When syslog data arrives in a destination such as Splunk or Elasticsearch, the human-readable timestamp – and the hostname – are superfluous. They’re already being delivered in the extracted timestamp field (as epoch time), and the host field. This data in the message field adds 25-30 bytes per event. This might sound small, but in some cases, this might represent more than 20% of the overall data volume.
Syslog data sent with RFC 5424’s TimeQuality feature adds up to 63 bytes per event. This is all rarely searched data, and the extracted timestamp is already in _time, epoch time format, with millisecond precision if available. These 63 bytes of data are just an added storage + indexing burden on the destination system.
Reducing Management Complexity:
Stream is a native Syslog receiver, just like rsyslog and syslog-NG. You may be able to retire or repurpose your existing Syslog servers completely, replacing that functionality with Stream workers instead, and those same Stream workers also support receiving on other protocols. All of the issues mentioned above can be addressed within Stream, without hand-editing config files.
Minimizing possibility of data loss:
To help with UDP data loss, deploy Stream workers as close to the sender as possible. Optimally, this would be a pair of properly sized workers, behind a load balancer, on the same subnet or LAN. Configure backpressure for Stream destinations to use “Persistent Queueing” function, to ensure data is delivered when an off-line destination comes back.
Securing the connection:
Once the Stream worker receives the data via syslog (encrypted or not), delivery to any subsequent connection can be configured over TCP with TLS encryption. As with the UDP scenario, one would want to locate a Stream worker on the same subnet or LAN, to minimize the risk of sending unencrypted data.
Cribl Pack for Syslog Input:
Addressing the timezone, data cleanup, and enrichment uses are all handled by the Cribl Pack for Syslog Input. This pack is attached to your Syslog sources as a PreProcessing pipeline, allowing the benefits below to be applied to most or all inbound Syslog data. In some cases, this Pack’s volume reduction can remove over 100 bytes per event just by dropping redundant or unnecessary values.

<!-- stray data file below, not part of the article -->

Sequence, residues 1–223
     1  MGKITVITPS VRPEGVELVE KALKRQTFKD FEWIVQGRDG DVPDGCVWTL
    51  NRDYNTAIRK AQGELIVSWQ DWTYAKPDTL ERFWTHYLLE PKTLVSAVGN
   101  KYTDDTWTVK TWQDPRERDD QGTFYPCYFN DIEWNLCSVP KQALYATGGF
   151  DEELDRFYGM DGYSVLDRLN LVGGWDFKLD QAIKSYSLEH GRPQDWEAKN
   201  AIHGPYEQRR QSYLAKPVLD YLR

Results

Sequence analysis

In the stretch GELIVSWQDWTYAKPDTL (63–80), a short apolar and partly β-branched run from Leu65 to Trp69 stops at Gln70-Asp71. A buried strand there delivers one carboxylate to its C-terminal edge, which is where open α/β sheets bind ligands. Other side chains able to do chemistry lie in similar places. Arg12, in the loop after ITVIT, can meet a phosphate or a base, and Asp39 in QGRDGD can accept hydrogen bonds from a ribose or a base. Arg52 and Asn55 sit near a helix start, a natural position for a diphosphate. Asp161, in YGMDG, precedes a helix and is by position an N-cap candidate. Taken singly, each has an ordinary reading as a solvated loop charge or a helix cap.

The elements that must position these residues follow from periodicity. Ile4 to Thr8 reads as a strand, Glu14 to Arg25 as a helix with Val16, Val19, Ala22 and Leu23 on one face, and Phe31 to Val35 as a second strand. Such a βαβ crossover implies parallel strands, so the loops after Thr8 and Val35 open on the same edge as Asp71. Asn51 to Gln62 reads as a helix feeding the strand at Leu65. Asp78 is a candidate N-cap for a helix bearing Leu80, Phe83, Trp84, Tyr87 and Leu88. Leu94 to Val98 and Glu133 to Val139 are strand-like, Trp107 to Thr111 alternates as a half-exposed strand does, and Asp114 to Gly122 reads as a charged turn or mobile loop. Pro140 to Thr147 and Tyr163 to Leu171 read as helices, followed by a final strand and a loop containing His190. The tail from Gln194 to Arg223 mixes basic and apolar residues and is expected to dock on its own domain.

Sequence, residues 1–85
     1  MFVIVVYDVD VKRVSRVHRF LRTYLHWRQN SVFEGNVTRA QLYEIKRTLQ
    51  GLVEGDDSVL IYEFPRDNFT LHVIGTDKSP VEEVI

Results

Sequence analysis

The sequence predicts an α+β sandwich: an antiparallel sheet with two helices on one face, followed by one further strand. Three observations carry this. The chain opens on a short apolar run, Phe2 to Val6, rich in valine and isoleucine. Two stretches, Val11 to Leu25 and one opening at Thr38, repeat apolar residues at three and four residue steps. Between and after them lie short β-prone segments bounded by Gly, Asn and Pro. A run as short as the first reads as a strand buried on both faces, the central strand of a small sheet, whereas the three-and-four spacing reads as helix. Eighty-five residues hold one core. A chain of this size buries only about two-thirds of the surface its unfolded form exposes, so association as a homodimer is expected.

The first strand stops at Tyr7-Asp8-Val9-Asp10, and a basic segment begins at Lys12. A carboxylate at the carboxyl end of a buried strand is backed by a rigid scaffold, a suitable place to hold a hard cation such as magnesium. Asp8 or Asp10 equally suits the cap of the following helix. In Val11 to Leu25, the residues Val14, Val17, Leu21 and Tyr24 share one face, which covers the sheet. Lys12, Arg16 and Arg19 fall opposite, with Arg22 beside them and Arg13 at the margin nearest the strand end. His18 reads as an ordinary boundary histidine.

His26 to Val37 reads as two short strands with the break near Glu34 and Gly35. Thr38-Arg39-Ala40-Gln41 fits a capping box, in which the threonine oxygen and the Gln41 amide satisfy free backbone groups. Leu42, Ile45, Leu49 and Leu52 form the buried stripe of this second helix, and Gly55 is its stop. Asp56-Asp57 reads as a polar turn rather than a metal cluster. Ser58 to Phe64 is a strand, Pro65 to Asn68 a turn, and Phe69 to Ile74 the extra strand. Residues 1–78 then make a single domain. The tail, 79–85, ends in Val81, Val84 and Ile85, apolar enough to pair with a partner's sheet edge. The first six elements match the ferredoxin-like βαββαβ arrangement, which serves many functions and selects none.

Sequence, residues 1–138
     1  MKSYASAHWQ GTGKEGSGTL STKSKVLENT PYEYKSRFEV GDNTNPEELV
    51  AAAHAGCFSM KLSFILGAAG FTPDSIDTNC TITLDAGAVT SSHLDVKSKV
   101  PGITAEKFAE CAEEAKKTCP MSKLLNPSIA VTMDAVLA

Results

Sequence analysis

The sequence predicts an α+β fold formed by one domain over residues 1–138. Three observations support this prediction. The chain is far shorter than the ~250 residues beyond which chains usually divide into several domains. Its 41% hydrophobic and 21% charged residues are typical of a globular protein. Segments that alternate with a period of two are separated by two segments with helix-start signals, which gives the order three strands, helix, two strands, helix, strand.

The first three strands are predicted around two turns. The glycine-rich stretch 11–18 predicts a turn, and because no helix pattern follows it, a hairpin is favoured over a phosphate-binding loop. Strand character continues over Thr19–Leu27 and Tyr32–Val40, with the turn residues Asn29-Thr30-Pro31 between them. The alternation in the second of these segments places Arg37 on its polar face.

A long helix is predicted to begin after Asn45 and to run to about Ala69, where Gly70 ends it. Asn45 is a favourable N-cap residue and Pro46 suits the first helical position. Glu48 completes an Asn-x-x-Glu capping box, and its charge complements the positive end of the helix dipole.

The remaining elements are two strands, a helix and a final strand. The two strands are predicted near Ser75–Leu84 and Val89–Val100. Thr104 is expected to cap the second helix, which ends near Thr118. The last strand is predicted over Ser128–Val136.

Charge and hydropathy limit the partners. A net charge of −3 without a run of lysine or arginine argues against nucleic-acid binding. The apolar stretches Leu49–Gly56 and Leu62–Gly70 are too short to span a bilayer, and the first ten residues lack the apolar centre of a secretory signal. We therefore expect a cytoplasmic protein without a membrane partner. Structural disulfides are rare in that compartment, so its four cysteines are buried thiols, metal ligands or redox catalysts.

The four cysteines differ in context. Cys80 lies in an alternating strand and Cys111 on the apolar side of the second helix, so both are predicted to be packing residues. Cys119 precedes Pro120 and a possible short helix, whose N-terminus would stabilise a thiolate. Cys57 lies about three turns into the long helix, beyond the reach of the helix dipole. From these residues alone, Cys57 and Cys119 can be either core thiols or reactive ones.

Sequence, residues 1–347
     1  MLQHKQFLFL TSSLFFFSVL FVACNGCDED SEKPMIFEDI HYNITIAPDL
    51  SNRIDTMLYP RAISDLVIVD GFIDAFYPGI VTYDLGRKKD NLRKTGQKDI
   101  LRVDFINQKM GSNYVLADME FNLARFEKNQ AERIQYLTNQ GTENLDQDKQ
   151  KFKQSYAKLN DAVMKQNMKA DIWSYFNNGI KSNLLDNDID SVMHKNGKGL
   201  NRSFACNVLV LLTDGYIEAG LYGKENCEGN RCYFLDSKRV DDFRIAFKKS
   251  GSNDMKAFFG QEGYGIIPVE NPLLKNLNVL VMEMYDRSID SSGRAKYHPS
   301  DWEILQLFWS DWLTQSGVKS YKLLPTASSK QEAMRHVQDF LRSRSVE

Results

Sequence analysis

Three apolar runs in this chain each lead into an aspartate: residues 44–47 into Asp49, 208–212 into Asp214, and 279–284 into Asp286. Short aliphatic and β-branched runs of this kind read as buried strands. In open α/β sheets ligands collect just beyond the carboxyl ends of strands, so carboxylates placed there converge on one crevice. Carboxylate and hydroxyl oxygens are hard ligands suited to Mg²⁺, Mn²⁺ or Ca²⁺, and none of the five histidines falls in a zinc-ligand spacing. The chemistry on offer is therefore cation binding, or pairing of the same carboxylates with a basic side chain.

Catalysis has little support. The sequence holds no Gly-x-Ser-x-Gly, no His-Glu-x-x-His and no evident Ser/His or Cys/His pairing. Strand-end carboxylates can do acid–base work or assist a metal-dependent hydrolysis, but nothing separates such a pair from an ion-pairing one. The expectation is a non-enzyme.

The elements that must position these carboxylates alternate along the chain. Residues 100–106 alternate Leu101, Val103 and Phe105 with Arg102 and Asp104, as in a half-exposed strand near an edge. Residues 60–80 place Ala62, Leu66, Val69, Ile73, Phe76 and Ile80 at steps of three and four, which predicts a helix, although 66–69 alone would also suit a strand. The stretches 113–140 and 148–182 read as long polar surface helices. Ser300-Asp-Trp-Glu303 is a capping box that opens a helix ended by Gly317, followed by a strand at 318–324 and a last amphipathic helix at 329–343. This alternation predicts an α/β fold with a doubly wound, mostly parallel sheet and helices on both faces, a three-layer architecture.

_raw, saving about 16-25 bytes.
_raw, saving up to 63 bytes.
The pack includes data samples to allow testing of the various options prior to putting it into production. Full documentation for the Pack is included within the pack itself.
By deploying Stream workers as replacements for existing Syslog servers (rsyslog, syslog-NG, etc), you can reduce management complexity while ensuring the reliable, secure delivery of Syslog data to your chosen systems of analysis and systems of retention.
By using the Cribl Pack for Syslog, you can easily enrich your inbound Syslog data with metadata while simultaneously removing redundant data for a savings of 20% or more. And finally see an end to timestamp and timezone extraction issues.
For more info, check out our docs on syslog data reduction or grab the Cribl Pack for Syslog Input. Join the #packs channel in our Slack Community to get the latest updates on this and other packs for Cribl Stream.